"Success is doing ordinary things extraordinarily well."
Our Banana Republic
10:28 pm EST, Nov 8, 2010
The richest 1 percent of Americans now take home almost 24 percent of income, up from almost 9 percent in 1976. As Timothy Noah of Slate noted in an excellent series on inequality, the United States now arguably has a more unequal distribution of wealth than traditional banana republics like Nicaragua, Venezuela and Guyana.
C.E.O.’s of the largest American companies earned an average of 42 times as much as the average worker in 1980, but 531 times as much in 2001. Perhaps the most astounding statistic is this: From 1980 to 2005, more than four-fifths of the total increase in American incomes went to the richest 1 percent. ..
The richest 0.1 percent of taxpayers would get a tax cut of $61,000 from President Obama. They would get $370,000 from Republicans, according to the nonpartisan Tax Policy Center. And that provides only a modest economic stimulus, because the rich are less likely to spend their tax savings.
Miniskirts on Mount Fuji as Japan's `Yama Girls' Spur Trekking
3:26 pm EST, Nov 8, 2010
Forget the ice ax and $500 climbing boots. The mode du jour for today’s female mountain hikers in Japan is a miniskirt and leggings.
The North Face, a maker of Gore-Tex waterproof jackets, and Alpine Tour Service Co. are targeting “yama girls,” or mountain girls, the nickname for the growing number of women who are taking to the hills of Japan wearing short pants or fleece skirts with leggings and designer trekking boots.
“I want to wear something cute like a skirt,” said Machiko Miyauchi, 25, who made her first ascent of Mount Fuji, Japan’s highest peak, earlier this year after buying new equipment and shoes. “Climbing is healing. You can breathe fresh, clean air.”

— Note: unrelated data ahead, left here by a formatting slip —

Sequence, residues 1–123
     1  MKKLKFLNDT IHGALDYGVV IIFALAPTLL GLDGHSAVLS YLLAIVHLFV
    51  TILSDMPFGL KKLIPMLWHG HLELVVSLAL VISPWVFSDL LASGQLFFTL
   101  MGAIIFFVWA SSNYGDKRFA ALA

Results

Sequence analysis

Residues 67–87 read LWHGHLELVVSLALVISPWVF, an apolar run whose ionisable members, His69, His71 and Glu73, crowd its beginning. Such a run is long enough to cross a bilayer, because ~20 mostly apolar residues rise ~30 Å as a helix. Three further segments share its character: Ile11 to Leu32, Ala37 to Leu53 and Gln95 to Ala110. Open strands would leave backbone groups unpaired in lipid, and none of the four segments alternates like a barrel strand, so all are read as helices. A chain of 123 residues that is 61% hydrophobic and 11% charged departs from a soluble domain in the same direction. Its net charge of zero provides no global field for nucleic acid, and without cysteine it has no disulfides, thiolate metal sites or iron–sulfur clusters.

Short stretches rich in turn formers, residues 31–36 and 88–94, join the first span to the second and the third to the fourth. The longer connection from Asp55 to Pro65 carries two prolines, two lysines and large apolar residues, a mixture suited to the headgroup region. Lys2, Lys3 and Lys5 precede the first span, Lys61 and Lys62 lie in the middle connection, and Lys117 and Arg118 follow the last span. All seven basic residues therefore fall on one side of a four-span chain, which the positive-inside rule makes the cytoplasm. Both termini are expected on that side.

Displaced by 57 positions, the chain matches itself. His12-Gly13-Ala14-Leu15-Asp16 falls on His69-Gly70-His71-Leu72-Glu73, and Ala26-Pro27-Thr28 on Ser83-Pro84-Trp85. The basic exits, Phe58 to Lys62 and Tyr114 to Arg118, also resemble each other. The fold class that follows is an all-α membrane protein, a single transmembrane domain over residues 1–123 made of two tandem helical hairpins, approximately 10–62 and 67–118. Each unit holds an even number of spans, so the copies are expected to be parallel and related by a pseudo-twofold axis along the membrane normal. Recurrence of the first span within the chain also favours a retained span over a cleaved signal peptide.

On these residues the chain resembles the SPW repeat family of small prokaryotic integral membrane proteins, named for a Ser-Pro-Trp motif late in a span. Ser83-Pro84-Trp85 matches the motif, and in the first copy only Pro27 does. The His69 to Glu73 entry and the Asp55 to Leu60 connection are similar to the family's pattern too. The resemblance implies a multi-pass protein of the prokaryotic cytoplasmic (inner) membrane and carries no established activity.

“It was amazing when we saw the sun rise at the top of Mount Fuji,” said Yumiko Hongo, 25, who works at a recruiting company and spent almost $500 on a climbing jacket and shoes for the hike. “I could really enjoy the nature.”
Mexican drug cartel peddles Microsoft Office and Xbox games
Topic: United States
1:17 pm EST, Nov 7, 2010
AS the sun rose over the mountains circling Los Reyes, a town in the Mexican state of Michoacán, one morning in March 2009, a caravan of more than 300 heavily armed law enforcement agents set out on a raid.
All but the lead vehicle turned off their headlights to evade lookouts, called “falcons,” who work for La Familia Michoacana, the brutal Mexican cartel that controls the drug trade. This time, the police weren’t hunting for a secret stash of drugs, guns or money. Instead, they looked to crack down on La Familia’s growing counterfeit software ring.
The police reached the house undetected, barreled in and found rooms crammed with about 50 machines used to copy CDs and make counterfeit versions of software like Microsoft Office and Xbox video games. They arrested three men on the spot, who were later released while the authorities investigate the case. “The entire operation was very complicated and risky,” says a person close to the investigation, who demanded anonymity out of fear for his life.
The Fed is printing more money to satisfy Washington’s runaway spending and hopefully prop up an ailing economy.
I’ll leave the merits and menaces of QE2 — and the nautical puns — up to those on the rest of the Internet. The bottom line is that regardless of whether another round of quantitative easing is a success or failure, the result will be the eventual rise of inflation and devaluation of the dollar.
To help investors prepare their portfolios, here’s a 10-step inflation survival guide.
Federal Reserve Bank of Atlanta and Rutgers University November 5–6, 2010, Jekyll Island Club Hotel, Jekyll Island, Georgia
This special conference marks the centenary of the 1910 Jekyll Island meeting that resulted in draft legislation for the creation of a U.S. central bank. Parts of this draft (the Aldrich plan) were incorporated into the 1913 Federal Reserve Act. To commemorate the 100th anniversary of the drafting of the Aldrich plan, the conference will take place at the Jekyll Island Club Hotel on Jekyll Island, Georgia—the same building where the 1910 meeting occurred.
The conference's discussions focus on three themes: the origins of the Fed and lessons from the pre-1913 era, how closely the Fed's actual performance has adhered to the original vision expressed by the framers of the Aldrich plan, and what the Fed's almost 100-year track record teaches us about its role going forward.